Insurance leaves scar on Professors post-surgery

Two beneficiaries of the NHIS pay more than Rs 50,000 each for treatment at private hospitals after United India Insurance firm rejects claims for reimbursement.

Published: 01st April 2013 10:42 AM  |   Last Updated: 01st April 2013 10:42 AM   |  A+A-

Teething problems in the implementation of the Tamil Nadu Government’s New Health Insurance Scheme (NHIS 2012) appears to be affecting some beneficiaries in availing cashless treatment at approved hospitals.

In recent months at least two college professors, who were covered under the NHIS for the block period July 1, 2012 to June 30, 2016, have been at the receiving end while making claims for medical reimbursement and seeking cashless treatment. The Association of University Teachers (AUT) has now taken up their cases with the State Government.

N Pasupathy, an Associate Professor of Electronics at the Erode Arts and Science College, an autonomous institution, was admitted to the Ganga Hospitals in Coimbatore in last August for a surgery to fix a fracture on his left leg. But when the hospital and he tried to get pre-authorisation of the United India Insurance Company Limited for treatment, they did not receive an affirmative response. Subsequently, Pasupathy paid `54,000 towards the hospital bills and got discharged.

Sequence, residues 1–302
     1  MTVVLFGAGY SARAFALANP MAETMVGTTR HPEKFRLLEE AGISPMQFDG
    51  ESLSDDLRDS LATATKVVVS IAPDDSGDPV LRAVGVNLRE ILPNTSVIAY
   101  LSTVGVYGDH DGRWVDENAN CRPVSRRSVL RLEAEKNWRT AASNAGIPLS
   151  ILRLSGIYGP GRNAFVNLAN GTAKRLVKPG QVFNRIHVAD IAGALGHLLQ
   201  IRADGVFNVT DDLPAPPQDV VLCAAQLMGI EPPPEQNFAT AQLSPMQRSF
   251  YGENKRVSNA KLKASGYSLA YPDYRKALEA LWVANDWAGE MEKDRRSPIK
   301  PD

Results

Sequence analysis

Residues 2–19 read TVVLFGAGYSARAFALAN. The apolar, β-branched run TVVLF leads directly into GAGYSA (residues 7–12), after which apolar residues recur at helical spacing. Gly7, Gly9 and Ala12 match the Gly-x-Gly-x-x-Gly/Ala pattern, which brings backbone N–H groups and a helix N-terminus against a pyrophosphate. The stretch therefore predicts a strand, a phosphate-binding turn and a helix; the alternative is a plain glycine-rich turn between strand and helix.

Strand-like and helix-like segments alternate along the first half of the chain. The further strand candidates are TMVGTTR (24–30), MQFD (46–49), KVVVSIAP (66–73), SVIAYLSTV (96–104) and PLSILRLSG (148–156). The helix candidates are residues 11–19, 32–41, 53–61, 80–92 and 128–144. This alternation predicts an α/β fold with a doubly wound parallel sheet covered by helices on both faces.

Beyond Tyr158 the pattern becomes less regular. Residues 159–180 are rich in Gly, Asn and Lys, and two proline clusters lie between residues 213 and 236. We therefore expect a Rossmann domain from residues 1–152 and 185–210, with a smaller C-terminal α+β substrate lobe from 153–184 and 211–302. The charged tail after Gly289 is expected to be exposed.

Later, when he wrote to the insurance company seeking reimbursement, the company refused to pay up, stating that the treatment was taken without getting pre-authorisation approval. As per clauses, the scheme a “cashless’ scheme and therefore, no payment should be made to the approved hospitals by the insured employee. But Pasupathy said in his case, the failure to get pre-authorisation was not his fault.

In another case, professor V Kannan, Head of Department of Botany and Microbiology at the National College, an autonomous institution in Tiruchy, was denied full reimbursement of hospital bills. Kannan was admitted to the KMC Specialty Hospital, Cantonment in Tiruchy, last October after he sustained an injury on his left femur bone. He was operated by an orthopedic surgeon for correction of fractures and discharged from the hospital.

During the treatment he was reportedly informed by the hospital that the expenses incurred towards the surgery would be fully covered under the Orthopedic Surgery Category II listed in the NHIS 2012 and claimed from the United India Insurance Company.

However, when he was discharged, the hospital told him that the insurance company had sanctioned only `29,000 and he had to pay the balance `52,480 from his pocket.

Taken aback, Kannan then wrote to the United India Insurance Company to reconsider their decision and settle his claim in full. But the company refused to accept his claim.

In both cases, the insurance company forwarded the requests for medical reimbursements to the State Finance (Salaries) Department.

“When AUT State office bearers appealed to the Joint Secretary, Finance (Salaries), for favourable disposal, we were greeted with negative attitude,” says K Pandian, president, AUT (TN).

The AUT has now approached the State Finance Secretary urging him to intervene in the issue. Besides, it has asked him to take steps to disburse NHIS ID cards for all eligible employees.


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